EOD: What has a software developer really learned?
I am a software developer who transitioned into the role of an entrepreneur because I strongly felt that software can provide powerful solutions for problems that would otherwise remain unaddressed. One of the most important metrics that I set out to measure for my success on this journey was: How much can I learn and how fast?
For me this is a daily exercise, I take a deep breath at the end of my day and do a basic gut check along with any metrics I can scrape from my personal graphs on Toggl and RescueTime.
After going through an insane number of emails, chat messages, supporting the team and the community, reading blogs, posting on stackoverflow, training with self-learning websites for the latest technologies, digesting market articles shared by colleagues and google feeds … what have I as a software developer really learned? More importantly: What have I produced?
And the answer isn’t always pretty: Nothing! Then again, there are days when its the exact opposite.
I find myself mired in the same endless loop that consumed me when I worked for others. Sing it with me: “its one step forward and two steps back & that’s just how I like to spell success” … cue *jazz hands*
Why? Why isn’t every day super productive even when you might set the agenda and order for everything that takes place? I believe I’ve narrowed this down.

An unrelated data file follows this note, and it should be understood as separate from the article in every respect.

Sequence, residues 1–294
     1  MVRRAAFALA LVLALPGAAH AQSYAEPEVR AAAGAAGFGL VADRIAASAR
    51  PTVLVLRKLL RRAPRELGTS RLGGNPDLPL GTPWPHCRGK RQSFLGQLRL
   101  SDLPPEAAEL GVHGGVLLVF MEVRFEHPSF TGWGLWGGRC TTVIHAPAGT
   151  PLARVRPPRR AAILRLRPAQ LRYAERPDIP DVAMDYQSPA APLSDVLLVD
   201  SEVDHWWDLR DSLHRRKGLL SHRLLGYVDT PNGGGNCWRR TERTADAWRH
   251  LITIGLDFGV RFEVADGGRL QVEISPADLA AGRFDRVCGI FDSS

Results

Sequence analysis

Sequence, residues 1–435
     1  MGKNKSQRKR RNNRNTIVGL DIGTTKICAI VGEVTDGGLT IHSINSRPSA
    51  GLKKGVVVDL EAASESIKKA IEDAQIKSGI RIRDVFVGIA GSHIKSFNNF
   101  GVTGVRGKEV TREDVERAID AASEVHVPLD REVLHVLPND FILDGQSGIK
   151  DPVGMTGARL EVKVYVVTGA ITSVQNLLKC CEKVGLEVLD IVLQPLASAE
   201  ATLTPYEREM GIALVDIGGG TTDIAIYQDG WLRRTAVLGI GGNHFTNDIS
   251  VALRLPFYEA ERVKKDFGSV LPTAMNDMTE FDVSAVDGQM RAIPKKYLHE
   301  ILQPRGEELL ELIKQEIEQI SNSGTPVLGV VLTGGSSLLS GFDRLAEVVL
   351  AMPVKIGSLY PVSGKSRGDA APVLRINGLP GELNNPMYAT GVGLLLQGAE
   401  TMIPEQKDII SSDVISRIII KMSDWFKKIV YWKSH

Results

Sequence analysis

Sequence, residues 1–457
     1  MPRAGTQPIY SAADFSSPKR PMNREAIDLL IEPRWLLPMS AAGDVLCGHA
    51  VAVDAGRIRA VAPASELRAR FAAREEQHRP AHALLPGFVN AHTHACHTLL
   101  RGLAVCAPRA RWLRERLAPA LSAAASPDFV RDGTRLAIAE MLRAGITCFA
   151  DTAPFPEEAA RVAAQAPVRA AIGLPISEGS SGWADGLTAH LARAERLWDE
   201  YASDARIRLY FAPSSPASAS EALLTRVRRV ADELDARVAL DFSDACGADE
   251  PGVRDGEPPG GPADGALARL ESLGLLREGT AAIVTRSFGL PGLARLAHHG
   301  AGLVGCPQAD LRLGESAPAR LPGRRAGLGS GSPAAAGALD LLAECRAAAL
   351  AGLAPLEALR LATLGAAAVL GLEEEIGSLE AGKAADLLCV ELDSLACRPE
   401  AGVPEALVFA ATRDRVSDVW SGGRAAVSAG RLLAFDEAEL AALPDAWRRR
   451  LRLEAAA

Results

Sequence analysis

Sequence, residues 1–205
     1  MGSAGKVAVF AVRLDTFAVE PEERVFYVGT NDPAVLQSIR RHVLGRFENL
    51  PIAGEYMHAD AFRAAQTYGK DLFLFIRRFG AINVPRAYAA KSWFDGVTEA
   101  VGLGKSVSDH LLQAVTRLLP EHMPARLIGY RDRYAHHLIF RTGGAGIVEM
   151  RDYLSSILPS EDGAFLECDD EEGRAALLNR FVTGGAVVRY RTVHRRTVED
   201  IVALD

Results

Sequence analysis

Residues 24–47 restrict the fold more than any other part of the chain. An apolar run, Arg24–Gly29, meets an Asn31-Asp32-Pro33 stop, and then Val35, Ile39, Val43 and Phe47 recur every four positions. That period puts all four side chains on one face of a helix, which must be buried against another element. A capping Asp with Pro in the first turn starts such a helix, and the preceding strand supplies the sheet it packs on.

Its the tools stupid! The sheer amalgamation of tools gets in the way.
For frontend there are:
- Angular: Wait! angular 1.x or angular 2.0? … oh no let’s worry about the death of 1.x while at the same time consuming every article about the possibility of success with 2.0
- Others: React, BackBone, Amber etc.
For backend there are:
- NodeJS: Express, LoopBack, BlueMix
- Java: Tomcat, UserGrid, Apigee127
- Others: Parse(dead), ParseGround/Sashido(resurrected?), Kinvey(dead~ish?), Firebase, Meteor etc.
Any and all technologies mentioned or missing, surely deserve great praise for what they have accomplished but for any lone software developer who wants the power to churn out applications at the speed of light with security and scale built-in, there are just too many tools that don’t really go that extra mile. It is always a “mash-up” or a “stack” or worst of them all: “it-depends”.
If you too, get that nagging feeling that there are plenty of articles about what’s new and what’s gotten better, which get you excited about learning … but never quite satiate your appetite to go out and kick arse by bringing an idea to life … right the frick now! Then join me in a moment of silence as we all wait for something coherent to tie technology together and empower us to build better software in the years to come.
Silver lining — Well, its not all fire & brimstone! Hopefully, this provides perspective to those of us facing challenges with how to filter and narrow the incoming barrage of tech information. Lets focus our time on what matters:
Only the technologies that will make a significant dent in our ability to produce are worth our time, the rest can wait in our reading list for another day when they’ve improved by leaps & bounds.